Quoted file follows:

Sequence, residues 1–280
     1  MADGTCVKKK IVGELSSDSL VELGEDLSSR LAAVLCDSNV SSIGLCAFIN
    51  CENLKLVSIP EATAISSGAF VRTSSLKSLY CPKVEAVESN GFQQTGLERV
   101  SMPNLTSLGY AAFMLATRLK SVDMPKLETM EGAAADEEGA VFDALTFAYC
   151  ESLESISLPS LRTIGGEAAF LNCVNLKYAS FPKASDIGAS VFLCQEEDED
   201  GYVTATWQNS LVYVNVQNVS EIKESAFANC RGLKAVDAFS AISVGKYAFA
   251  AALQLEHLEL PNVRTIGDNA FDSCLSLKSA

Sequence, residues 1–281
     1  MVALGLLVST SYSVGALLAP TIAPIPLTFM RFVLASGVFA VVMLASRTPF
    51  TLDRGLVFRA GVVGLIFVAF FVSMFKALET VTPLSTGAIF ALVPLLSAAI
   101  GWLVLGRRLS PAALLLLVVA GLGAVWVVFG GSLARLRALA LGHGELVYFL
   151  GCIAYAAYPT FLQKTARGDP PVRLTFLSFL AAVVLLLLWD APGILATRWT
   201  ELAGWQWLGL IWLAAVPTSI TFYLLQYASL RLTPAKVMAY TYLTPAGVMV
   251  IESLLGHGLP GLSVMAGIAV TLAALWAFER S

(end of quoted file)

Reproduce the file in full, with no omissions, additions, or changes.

Sequence, residues 1–280
     1  MADGTCVKKK IVGELSSDSL VELGEDLSSR LAAVLCDSNV SSIGLCAFIN
    51  CENLKLVSIP EATAISSGAF VRTSSLKSLY CPKVEAVESN GFQQTGLERV
   101  SMPNLTSLGY AAFMLATRLK SVDMPKLETM EGAAADEEGA VFDALTFAYC
   151  ESLESISLPS LRTIGGEAAF LNCVNLKYAS FPKASDIGAS VFLCQEEDED
   201  GYVTATWQNS LVYVNVQNVS EIKESAFANC RGLKAVDAFS AISVGKYAFA
   251  AALQLEHLEL PNVRTIGDNA FDSCLSLKSA

Sequence, residues 1–281
     1  MVALGLLVST SYSVGALLAP TIAPIPLTFM RFVLASGVFA VVMLASRTPF
    51  TLDRGLVFRA GVVGLIFVAF FVSMFKALET VTPLSTGAIF ALVPLLSAAI
   101  GWLVLGRRLS PAALLLLVVA GLGAVWVVFG GSLARLRALA LGHGELVYFL
   151  GCIAYAAYPT FLQKTARGDP PVRLTFLSFL AAVVLLLLWD APGILATRWT
   201  ELAGWQWLGL IWLAAVPTSI TFYLLQYASL RLTPAKVMAY TYLTPAGVMV
   251  IESLLGHGLP GLSVMAGIAV TLAALWAFER S